The uncertainty around the future of the black lung improvements that are contained within the Affordable Care Act continues.
“Day one” has come and gone and the Affordable Care Act—including the black lung improvements known as the “Byrd Amendments” remain current law. However, their future remains uncertain. There has not been any movement on the House bill that would preserve the Byrd Amendments (H.R. 323), or even the symbolic House resolution (H. Res. 26). (See previous post here.)
The past week has seen two relevant developments: (1) the introduction of a Senate bill that would preserve the Byrd Amendments, and (2) an executive order by President Trump related to the Affordable Care Act.
- Senate Bill 191 – The Patient Freedom Act of 2017
The most notable development this week regarding the Byrd Amendments has been the introduction of a Senate bill that would explicitly preserve the Byrd Amendments.
On January 23, 2017, four Senate Republicans introduced “The Patient Freedom Act of 2017” (S.191). Those senators are Bill Cassidy (R-La.), Susan Collins (R.-Me.), Shelley Moore Capito (R. W. Va.), and Johnny Isakson (R. Ga.). The overall scope of the Patient Freedom Act of 2017 is beyond what I have the ability to cover. (For a couple overviews, see this Bangor Daily News article or this National Law Review article)
I note it here though because § 101(b)(4) of the bill has the following language (the text of the bill is here):
(4) Preservation of black lung benefits for coal miners.—Subsection (a) shall not apply with respect to section 1556 of title I of the Patient Protection and Affordable Care Act (amending the Black Lung Benefits Act).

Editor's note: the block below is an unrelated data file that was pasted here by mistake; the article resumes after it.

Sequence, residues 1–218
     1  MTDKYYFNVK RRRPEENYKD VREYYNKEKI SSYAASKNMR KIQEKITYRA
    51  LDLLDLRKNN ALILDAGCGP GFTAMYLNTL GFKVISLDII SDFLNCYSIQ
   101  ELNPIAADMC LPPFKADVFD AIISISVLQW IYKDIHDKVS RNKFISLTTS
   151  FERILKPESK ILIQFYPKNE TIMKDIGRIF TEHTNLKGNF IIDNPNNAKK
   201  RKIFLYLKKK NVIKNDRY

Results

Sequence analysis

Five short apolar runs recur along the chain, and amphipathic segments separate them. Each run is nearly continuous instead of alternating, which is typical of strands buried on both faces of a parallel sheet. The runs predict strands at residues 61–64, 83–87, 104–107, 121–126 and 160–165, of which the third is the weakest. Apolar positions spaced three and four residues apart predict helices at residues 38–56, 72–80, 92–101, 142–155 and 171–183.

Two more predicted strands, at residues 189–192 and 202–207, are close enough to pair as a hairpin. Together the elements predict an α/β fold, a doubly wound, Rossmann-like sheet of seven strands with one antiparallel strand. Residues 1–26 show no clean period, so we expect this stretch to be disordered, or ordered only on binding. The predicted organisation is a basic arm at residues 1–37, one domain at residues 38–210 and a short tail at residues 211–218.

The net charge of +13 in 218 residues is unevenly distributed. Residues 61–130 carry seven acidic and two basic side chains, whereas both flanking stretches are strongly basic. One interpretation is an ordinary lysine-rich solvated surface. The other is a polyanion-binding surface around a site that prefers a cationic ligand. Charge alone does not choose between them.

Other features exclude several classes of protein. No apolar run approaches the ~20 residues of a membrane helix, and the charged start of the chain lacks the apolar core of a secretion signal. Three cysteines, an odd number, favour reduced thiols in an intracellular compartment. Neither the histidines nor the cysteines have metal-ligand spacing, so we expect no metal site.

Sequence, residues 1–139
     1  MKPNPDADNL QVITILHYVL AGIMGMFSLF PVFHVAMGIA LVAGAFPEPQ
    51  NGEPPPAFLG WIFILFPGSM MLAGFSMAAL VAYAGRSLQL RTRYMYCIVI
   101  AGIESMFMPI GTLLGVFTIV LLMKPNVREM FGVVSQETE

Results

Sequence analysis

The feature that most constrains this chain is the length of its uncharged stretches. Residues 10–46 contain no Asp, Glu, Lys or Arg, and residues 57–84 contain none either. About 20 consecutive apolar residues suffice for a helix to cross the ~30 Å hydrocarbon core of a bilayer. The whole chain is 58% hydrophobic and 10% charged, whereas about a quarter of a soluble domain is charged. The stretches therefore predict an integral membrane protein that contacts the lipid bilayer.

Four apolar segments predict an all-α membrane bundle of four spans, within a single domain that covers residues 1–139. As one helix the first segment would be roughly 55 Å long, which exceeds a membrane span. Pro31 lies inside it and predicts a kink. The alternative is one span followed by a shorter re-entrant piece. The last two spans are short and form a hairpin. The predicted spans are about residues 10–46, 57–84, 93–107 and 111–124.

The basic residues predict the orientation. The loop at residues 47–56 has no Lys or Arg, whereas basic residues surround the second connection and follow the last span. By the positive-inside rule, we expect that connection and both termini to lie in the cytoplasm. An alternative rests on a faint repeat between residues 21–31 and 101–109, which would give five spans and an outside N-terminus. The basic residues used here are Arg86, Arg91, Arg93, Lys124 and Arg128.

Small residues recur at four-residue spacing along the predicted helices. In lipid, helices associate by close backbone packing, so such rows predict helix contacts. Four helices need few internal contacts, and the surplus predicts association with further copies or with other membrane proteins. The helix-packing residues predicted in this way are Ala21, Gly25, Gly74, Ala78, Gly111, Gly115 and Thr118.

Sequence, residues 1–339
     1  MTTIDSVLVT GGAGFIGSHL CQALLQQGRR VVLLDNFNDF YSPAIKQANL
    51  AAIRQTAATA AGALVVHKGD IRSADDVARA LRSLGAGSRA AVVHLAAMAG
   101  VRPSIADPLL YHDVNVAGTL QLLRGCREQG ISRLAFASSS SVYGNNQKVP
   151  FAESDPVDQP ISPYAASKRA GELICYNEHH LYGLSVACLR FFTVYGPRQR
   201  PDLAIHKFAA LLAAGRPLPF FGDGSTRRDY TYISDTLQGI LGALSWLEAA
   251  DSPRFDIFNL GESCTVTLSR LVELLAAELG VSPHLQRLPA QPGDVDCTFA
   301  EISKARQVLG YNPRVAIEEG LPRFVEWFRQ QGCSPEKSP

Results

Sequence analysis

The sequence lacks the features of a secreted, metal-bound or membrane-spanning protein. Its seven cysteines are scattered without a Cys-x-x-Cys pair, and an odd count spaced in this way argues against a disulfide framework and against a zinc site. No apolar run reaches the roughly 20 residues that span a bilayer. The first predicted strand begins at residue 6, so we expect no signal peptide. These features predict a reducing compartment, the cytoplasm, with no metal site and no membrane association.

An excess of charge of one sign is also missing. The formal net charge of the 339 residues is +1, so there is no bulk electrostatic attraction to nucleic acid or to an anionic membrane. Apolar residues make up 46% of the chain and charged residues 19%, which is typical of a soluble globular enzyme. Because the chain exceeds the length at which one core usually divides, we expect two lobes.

(Note: “subsection (a)” here refers to the Patient Freedom Act of 2017’s proposal to make the Affordable Care Act inapplicable to states that do not “opt in” and “section 1556” of the Affordable Care Act contains the black lung improvements known as the “Byrd Amendments”.)
In her floor statement when introducing the bill, Senator Capito said, “It protects the federal Black Lung benefits program, which is especially important in my state of West Virginia and the surroundings areas.”
Of course, who knows whether this bill will actually move towards passage, but it provides another possible way for the Byrd Amendments to be preserved and shows that the black lung improvements are supported by both Senate Democrats (see previous post here) and Senate Republicans.
2. Executive Order 13,765
On the day he was inaugurated, President Trump signed Executive Order 13,765.
The order was (incorrectly) understood by many to be a repeal of the Affordable Care Act.
But it does not appear to have any effect on the Byrd Amendments or black lung benefits cases more generally. The most relevant part of the order, § 2, says: